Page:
This basement shop is hidden away at the end of a residential street and is so tiny, there’s barely room to swing a Kit-Kat. Or, for that matter, a prune and whisky-flavoured marzipan bar, encased in rich dark chocolate – which is much more their cup of cocoa. Chef Mikkel Anker previously worked in Michelin-starred restaurants Kiin Kiin and Søllerød Kro and brings that level of quality to his seasonal collections of interestingly flavoured pralines and truffles, which are all handmade on the premises from Fair Trade chocolate. This is the original shop; there are also branches in Nørrebro (Jagtvej 125) and Østerbro (Østerbrogade 25).
The name is short for Respect Resources – and sure enough, every single one of the many desirable items you come across on the shelves of this Nørrebro boutique has been selected because it comes from sustainably minded producers. As well as cool clothing (for children as well as adults), they carry homewares, accessories, candles (of course) and toiletries – including organic, vegan skincare from Yroli, a growing young Danish brand that follows the responsible philosophy of the ‘blue beauty’ movement.
At this cool little Østerbro ice cream shop, the freezer cabinet is filled with neat ranks of homemade (and highly photogenic) ice cream and sorbet popsicles. There’s usually a new flavour or two to taste, and they’re not afraid to take risks when it comes to trying out unlikely combinations – but there is always a delicious staple for the less adventurous too, such as hazelnut gelato dipped in milk chocolate and sprinkled with nut brittle. They do mini 'tapas' versions as well, which is great news for indecisive minds who can opt for two smalls rather than one full size. Ice cream in hand, take a wander down the street (Olufsvej), an Instagram-friendly stretch of prettily-painted houses with hollyhocks and roses growing by the doors.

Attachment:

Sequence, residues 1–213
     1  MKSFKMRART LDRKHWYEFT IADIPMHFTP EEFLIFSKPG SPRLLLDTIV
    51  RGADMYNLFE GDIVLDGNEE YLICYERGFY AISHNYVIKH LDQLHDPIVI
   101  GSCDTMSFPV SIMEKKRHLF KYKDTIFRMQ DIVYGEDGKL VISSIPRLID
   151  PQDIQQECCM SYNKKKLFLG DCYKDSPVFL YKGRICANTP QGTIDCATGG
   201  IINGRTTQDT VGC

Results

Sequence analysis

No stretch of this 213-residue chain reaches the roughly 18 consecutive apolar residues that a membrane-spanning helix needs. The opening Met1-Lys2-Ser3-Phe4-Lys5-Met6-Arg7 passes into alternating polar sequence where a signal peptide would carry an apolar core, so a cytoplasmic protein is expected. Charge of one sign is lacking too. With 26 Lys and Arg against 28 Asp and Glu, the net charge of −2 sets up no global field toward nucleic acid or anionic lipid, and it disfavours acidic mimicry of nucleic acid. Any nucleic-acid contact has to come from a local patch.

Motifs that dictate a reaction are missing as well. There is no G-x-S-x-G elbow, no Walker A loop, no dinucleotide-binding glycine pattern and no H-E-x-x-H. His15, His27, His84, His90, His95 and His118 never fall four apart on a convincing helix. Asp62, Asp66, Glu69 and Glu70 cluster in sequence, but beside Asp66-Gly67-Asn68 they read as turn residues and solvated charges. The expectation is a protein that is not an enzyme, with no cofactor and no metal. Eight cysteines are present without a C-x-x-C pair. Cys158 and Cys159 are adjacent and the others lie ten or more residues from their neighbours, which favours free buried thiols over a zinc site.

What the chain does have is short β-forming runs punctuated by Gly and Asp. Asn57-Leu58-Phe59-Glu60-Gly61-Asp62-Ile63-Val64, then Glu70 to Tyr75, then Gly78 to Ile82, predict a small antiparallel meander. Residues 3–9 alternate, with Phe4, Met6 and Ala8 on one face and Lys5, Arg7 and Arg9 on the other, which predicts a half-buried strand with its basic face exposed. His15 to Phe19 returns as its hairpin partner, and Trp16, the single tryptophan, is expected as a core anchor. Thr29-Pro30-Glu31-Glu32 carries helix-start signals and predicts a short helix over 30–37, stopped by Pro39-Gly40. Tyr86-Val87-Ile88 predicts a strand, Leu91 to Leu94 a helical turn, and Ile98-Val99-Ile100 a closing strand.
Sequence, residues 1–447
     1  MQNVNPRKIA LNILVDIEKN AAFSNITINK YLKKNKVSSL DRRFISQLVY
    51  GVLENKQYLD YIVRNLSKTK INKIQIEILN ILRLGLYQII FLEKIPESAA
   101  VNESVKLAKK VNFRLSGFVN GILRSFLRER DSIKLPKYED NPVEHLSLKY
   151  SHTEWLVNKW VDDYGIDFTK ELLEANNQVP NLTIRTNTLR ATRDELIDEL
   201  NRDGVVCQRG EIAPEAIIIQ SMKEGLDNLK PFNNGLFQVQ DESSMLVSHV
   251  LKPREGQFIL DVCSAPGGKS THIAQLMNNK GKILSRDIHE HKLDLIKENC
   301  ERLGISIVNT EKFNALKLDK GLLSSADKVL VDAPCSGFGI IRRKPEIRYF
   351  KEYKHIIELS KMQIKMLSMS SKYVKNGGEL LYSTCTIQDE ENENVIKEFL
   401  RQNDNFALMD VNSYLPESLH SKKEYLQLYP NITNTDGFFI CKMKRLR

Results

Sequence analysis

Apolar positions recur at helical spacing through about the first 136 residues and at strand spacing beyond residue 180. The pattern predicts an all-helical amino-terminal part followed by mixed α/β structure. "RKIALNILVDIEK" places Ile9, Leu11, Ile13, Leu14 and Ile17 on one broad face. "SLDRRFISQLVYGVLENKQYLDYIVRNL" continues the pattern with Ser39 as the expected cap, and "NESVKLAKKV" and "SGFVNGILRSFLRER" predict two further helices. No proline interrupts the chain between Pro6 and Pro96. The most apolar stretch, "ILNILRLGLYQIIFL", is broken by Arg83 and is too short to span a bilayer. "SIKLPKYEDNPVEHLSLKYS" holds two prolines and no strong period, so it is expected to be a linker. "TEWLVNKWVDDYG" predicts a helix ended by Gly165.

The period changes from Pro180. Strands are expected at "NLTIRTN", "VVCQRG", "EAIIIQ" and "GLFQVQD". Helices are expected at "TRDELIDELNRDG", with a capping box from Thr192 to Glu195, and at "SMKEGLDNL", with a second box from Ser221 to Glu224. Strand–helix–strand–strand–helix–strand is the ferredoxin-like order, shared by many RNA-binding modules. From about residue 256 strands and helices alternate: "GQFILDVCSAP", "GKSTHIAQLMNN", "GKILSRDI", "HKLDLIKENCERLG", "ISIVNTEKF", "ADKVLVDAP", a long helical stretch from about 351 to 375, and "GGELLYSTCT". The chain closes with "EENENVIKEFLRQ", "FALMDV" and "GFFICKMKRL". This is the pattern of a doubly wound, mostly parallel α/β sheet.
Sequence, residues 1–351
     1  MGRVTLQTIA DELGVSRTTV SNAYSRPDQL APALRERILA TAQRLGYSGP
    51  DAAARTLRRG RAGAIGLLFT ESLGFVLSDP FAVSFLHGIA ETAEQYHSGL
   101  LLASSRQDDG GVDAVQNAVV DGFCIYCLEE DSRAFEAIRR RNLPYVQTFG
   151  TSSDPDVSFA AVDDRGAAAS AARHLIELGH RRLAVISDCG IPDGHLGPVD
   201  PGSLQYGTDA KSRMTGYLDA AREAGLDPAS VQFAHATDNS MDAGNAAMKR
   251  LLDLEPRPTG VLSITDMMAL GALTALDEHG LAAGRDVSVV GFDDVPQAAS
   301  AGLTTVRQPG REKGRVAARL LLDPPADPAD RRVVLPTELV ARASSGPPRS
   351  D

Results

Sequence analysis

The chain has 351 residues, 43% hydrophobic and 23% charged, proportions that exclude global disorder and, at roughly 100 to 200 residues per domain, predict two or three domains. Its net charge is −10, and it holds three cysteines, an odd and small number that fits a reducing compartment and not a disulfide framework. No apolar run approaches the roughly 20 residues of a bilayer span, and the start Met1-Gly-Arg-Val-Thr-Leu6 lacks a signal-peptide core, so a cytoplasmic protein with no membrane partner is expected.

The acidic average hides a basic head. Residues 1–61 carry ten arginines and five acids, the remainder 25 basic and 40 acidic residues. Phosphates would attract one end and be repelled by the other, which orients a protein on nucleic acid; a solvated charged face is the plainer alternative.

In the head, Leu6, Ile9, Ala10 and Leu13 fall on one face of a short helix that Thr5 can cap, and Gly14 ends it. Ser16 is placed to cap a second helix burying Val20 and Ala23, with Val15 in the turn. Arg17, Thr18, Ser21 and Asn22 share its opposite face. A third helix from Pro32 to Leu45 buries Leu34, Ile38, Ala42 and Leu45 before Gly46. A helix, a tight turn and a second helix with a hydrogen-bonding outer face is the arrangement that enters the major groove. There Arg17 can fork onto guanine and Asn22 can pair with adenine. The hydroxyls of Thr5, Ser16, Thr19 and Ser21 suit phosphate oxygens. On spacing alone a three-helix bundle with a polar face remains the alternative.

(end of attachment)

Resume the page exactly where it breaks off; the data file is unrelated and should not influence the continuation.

A few rolls of wallpaper might not be your average holiday memento – but you’ll be sorely tempted at Retro Villa, which moved from the city centre to new premises in Østerbro in 2019. Owner Mette Helena Rasmussen (an interiors stylist, writer and TV presenter) has amassed a large selection of original vintage papers, from dainty flower-sprigged patterns to bold orange and brown swirly styles that could only come from the 1970s. Buy enough to cover a wall or room, or just pick up a metre or two to copy some of their DIY crafty ideas. While you’re there, check out the other vintage (or vintage-style) items, including door knobs, coat hooks and cushions.
If you’re planning to pick up some retro Danish design pieces while you’re here, you might want to check whether or not B&W Loppemarked will be open before you even book your flights. This vast warehouse at Refshaleøen is stuffed to the gills with old chairs, light fittings and assorted bric-à-brac. It’s not particularly cheap and you’ll need patience to sift your way through the piles, but put in the legwork and you might unearth the retro lamp or vase of your dreams. Which, by the way, you’ll need cash to pay for. You can also find more of its stock at Funky Junky, a Vesterbro vintage shop.
There’s every chance you’ll have to queue at this Frederiksberg bakery, especially at weekends. The good news, though, is that the excellent breads and pastries are well worth the wait, especially the sourdough loaves (which they supply to noma) and the divine double-baked croissants topped with almonds. Owner Richard Hart was head baker at Tartine in San Francisco before moving to Copenhagen to open his own bakery with support from René Redzepi. There are a few tables for eating in but if they’re all taken and the weather is fine, take your paper bag of goodies and head for Landbohøjskolens Have (about 10 minutes’ walk away) for a picnic in the park. Across town, you can also sample Hart goodies at a newer outpost in Holmen, opened in November 2021.